10 May 2023

Locally owned business making waves in Weipa

| Matt Nicholls
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Evolution Mining and Civil already has around 50 employees after picking up a crucial contract to service the town and mine late last year.

WHAT a difference a local touch can make.

Weipa, thriving from a strong wet season, has never looked as good in the past decade.

Most of that can be put down to the team at Evolution Mining and Civil, which took over the parks and gardens contract from Sodexo on January 1, working around the clock since to make the town look its best.

Managing director Sandra Kemp said the positive feedback had been overwhelming since Evolution’s brand-new mowers hit the ground.

“We really appreciate the comments because we know our team has worked really hard to make the town look good again,” she said.

“It has been a hard slog because of all the growth, but we are seeing the rewards.”

Sandra and her husband Ian Cardelli moved to Weipa around 2003 when Rio Tinto was looking for skilled operators.

They grew up in Mareeba but came to love Weipa and the opportunities that were available.

“I worked for Rio for almost 15 years and then went and did a stint as a supervisor for Aurukun Earthmoving,” said Ian.

“But the goal was to start our own business.”

In November 2021, Evolution Mining and Civil was born.

Sandra, a proud Traditional Owner with ties to the area near Musgrave as well as Central Queensland, went to one of her Elders for advice on the name.

“She came up with ‘Nunni Dulgieh’, which means ‘from the ground up,” said Sandra, who spent 17 years working for Centrelink.

“We didn’t go with that as the company name but it is our motto or phrase.

“I think we settled on Evolution because we wanted to be constantly evolving.

“We have a real passion for training and developing people.

“Everything we want to do is about evolving.”

While the business has grown rapidly in 14 months, Ian said it had been manageable and well-staged.

“We kicked off with the dozers and managed to get a few jobs near the Skardon River and subcontracting to McCoskers at the (Weipa) landfill,” he said.

“Then we got a contract with the (Rio Tinto) geology team and it’s grown from there.”

Evolution also focuses on labour hire and last year sent down workers to subcontract for McConnell Dowell on the Archer River bridge project.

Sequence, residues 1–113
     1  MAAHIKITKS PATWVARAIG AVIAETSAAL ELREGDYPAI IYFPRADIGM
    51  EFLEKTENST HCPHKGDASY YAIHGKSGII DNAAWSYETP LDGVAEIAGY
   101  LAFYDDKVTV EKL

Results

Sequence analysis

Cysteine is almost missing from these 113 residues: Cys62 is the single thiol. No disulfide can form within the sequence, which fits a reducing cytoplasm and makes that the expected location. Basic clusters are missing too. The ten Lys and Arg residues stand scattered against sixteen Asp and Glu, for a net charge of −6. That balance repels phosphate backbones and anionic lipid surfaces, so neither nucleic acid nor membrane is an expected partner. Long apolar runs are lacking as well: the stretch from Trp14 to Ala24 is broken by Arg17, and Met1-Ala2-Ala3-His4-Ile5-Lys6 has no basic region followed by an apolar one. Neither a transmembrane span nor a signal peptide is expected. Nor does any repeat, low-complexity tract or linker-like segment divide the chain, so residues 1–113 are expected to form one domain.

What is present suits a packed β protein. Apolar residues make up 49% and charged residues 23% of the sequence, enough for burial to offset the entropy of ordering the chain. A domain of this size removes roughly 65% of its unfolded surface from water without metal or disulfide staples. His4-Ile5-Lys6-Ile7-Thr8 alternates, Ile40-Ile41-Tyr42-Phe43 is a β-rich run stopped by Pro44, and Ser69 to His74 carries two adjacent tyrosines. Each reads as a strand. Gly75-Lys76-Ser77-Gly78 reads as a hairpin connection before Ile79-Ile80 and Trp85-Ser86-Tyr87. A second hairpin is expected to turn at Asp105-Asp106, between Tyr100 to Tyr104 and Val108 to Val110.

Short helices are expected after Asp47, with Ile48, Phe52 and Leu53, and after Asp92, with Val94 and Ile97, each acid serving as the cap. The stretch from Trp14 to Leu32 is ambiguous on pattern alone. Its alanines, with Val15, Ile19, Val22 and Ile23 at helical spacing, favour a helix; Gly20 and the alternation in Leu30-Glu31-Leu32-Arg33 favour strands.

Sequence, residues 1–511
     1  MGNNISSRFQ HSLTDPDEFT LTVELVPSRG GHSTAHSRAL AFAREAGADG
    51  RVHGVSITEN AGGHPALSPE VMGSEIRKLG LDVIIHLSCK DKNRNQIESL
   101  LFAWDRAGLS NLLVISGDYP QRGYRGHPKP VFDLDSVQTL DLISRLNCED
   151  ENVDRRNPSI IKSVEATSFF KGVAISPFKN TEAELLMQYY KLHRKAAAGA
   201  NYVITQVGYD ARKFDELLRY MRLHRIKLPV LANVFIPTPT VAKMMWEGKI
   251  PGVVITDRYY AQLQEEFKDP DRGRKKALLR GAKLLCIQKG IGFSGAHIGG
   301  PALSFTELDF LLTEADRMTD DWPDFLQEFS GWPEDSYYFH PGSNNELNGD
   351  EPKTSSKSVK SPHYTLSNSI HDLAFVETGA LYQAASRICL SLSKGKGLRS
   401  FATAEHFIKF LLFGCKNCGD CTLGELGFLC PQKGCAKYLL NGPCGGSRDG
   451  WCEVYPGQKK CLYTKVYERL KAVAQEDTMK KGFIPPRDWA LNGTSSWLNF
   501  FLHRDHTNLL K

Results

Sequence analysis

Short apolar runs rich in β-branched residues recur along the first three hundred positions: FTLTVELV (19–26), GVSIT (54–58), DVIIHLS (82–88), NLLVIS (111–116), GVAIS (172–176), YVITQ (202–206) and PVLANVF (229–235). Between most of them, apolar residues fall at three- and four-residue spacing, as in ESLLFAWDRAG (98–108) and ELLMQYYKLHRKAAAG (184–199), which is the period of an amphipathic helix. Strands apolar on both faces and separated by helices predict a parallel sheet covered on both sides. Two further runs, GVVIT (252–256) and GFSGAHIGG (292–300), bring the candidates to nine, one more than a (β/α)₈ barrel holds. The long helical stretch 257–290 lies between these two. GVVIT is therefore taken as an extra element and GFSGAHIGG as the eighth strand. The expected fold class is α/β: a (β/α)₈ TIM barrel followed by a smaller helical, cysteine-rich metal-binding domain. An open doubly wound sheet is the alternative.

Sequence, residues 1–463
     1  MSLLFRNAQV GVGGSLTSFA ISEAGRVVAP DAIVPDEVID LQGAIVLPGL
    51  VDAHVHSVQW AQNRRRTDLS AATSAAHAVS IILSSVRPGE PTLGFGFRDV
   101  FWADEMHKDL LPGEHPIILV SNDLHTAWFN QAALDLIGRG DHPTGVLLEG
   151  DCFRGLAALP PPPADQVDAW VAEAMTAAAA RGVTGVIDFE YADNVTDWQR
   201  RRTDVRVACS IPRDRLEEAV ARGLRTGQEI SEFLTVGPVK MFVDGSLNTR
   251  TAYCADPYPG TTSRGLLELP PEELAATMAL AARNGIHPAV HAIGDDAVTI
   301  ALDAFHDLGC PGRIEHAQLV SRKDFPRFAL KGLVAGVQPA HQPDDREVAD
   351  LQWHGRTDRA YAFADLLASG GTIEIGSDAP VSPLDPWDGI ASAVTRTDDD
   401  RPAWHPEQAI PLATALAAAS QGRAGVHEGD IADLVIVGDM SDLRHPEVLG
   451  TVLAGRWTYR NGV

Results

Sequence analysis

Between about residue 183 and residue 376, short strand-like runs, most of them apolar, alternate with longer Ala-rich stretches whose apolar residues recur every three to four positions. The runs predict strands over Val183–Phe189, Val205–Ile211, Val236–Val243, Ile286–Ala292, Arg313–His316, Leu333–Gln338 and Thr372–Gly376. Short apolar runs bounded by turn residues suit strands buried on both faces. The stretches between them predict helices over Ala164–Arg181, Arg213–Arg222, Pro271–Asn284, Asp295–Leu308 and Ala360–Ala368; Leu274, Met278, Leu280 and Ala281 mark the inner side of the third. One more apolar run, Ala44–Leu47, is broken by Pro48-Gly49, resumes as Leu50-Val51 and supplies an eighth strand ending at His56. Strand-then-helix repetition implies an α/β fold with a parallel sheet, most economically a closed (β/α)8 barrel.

“We’ve done it all ourselves, too,” said Ian.

“I think people might see that we’re an Indigenous-owned business and think we’ve been given grants or had access to money and opportunities that others wouldn’t have had.

“That’s not true. We’ve had to put all of our own money into it and we’ve done it completely by ourselves.

“Sandra has only just started to draw a wage.”

While the bar wasn’t set high by Sodexo, Evolution has blown the community away with its attention to detail and its response time to jobs requiring attention.

“We live in this community and so do our workers, so we notice things and have that sense of town pride,” Sandra said.

“I don’t think we envisaged taking on this contract, but when the tender came up we thought it was something that would work well with our mining and civil business and perhaps create pathways for young people who want to grow.”

Western Cape College principal Dan Tonon said he was looking forward to working with Evolution.

“I think what they are doing is perfect for Weipa,” he said.

“There will be a lot of employment opportunities and you might start on a mower but you’ll be able to progress and find the role that suits you.”

Evolution’s contract with Rio Tinto and the Weipa Town Authority also covers the mine site and looking after vacant houses in town.

Jason Nixon and his wife Margie Adidi in Napranum are committed sub-contractors to Evolution.

“It’s great for us because we love working with Sandra and Ian,” said Jason.

“Look at everyone here. They are all locals.”

Sandra said she was proud to be able to help young people.

“The difference between us and others is that we’ll go and pick you up from Napranum if you don’t have a car,” she said.

“Last year I was driving a lad down to the Archer and picking him up when his time was up.”

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